Perched on the hillside north of Cusco, the immense fortress ruins of Sacsayhuamán are some of the most impressive ruins in the area, holding both religious and military significance. When visitors hike up to the site, they will likely see a herd of alpaca, the domesticated South American camelid, roaming among the ruins.

Sacsayhuaman Things to Do

Full-Day Horseback Riding Sacsayhuaman, Peru
Full-Day Horseback Riding SacsayhuamanCusco

See the ruins that surround Cusco on this full-day horseback riding tour. Your tour begins with a visit to Qenqo Ranch, which is where you’ll meet your horse.

Horseback Riding
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Emperor Pachacuti (or Pachacútec) began building the hillside citadel in the 1440s, but the massive complex wasn't completed until nearly 100 years later. Today only a fraction of the original structure still stands, the rest having been torn down by the Spaniards to build houses in Cusco. What does remain, however, is remarkable.

The most impressive feature might be the massive 66-foot-tall (20-m) outer walls, which are still intact and zigzagging together like razor-sharp teeth, having withstood battles, earthquakes, and time. Even though the largest of the stones weigh over 300 tons, they are fitted perfectly, in the Inca style reserved for important structures. It is believed that in ancient times, this area was probably used for ceremonial gatherings. Today, visitors may be lucky enough to catch one of the many sun ceremonies still held throughout the year.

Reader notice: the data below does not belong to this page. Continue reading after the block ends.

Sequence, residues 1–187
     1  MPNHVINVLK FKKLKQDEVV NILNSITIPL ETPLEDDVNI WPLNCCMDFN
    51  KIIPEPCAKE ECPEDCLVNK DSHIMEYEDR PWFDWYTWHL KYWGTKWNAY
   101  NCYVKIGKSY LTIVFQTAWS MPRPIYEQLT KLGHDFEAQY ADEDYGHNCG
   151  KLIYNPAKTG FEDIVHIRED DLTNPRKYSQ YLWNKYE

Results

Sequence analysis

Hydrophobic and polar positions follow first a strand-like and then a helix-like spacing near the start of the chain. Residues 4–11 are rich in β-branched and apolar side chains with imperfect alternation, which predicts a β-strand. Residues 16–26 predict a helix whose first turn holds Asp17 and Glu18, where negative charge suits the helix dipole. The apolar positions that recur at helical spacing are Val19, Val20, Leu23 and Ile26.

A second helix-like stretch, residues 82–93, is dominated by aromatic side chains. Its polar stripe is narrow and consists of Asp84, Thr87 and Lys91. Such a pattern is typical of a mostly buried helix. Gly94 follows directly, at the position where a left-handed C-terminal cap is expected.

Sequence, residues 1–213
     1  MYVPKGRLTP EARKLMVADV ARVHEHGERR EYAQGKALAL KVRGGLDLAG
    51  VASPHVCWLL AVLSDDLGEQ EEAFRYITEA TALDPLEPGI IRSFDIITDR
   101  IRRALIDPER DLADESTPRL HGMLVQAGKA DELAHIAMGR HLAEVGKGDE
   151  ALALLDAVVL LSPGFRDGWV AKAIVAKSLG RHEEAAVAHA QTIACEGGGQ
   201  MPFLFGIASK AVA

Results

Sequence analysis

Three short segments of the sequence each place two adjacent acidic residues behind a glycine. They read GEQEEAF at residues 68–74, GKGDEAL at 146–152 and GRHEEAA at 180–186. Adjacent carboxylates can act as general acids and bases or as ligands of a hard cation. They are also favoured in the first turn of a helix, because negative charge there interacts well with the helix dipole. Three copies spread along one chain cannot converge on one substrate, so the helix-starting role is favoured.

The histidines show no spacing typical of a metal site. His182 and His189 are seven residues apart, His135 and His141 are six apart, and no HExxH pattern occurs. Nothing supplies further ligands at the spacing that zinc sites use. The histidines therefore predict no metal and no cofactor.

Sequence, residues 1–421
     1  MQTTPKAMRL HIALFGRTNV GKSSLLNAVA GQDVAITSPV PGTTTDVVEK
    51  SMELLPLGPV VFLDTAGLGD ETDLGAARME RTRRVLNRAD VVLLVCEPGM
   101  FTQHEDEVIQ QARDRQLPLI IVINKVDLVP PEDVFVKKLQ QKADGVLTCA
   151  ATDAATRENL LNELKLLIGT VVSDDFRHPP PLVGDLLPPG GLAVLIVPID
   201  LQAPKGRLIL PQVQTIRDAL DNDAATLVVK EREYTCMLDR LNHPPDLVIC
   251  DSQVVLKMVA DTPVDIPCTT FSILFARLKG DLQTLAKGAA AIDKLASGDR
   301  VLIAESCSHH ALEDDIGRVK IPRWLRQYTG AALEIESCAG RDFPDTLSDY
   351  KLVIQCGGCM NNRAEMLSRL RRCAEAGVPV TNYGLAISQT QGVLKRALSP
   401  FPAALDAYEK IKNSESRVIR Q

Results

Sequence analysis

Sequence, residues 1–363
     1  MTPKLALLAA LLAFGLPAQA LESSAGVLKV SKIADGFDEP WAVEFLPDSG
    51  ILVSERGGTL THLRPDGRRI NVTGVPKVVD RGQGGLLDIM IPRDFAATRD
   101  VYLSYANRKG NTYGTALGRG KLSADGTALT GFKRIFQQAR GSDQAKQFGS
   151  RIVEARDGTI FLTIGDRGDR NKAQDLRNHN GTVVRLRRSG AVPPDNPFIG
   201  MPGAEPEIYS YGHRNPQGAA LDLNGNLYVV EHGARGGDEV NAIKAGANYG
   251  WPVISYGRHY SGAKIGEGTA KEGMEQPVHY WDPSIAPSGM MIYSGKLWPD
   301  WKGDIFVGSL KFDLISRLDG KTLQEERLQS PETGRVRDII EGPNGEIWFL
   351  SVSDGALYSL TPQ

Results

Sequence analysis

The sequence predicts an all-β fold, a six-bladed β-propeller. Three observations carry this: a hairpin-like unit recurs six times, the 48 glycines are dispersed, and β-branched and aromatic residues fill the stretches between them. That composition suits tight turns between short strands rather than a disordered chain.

In 1536, the fort was the site of one of the bitterest battles of the Spanish conquest, sparked by Manco Inca’s rebellion. The Incan resistance leader’s army managed to seize Sacsayhuamán from the Spanish, one of the only victories of the native people against the conquistadors. The triumph was short-lived, however, and 50 Spanish cavalry led by Juan Pizarro, Francisco’s brother, succeeded in recapturing Sacsayhuamán and essentially ending the rebellion.

While Manco Inca survived and escaped to the fortress of Ollantaytambo, most of his forces leapt to their death from the high towers to avoid being killed by the Spanish. The next morning, condors feasted on the pile of corpses, an image captured forever on Cusco's coat-of-arms.

In Quechua the name Sacsayhuamán means “satisfied falcon,” though it’s often referred to mnemonically – “sexy woman” – by travelers.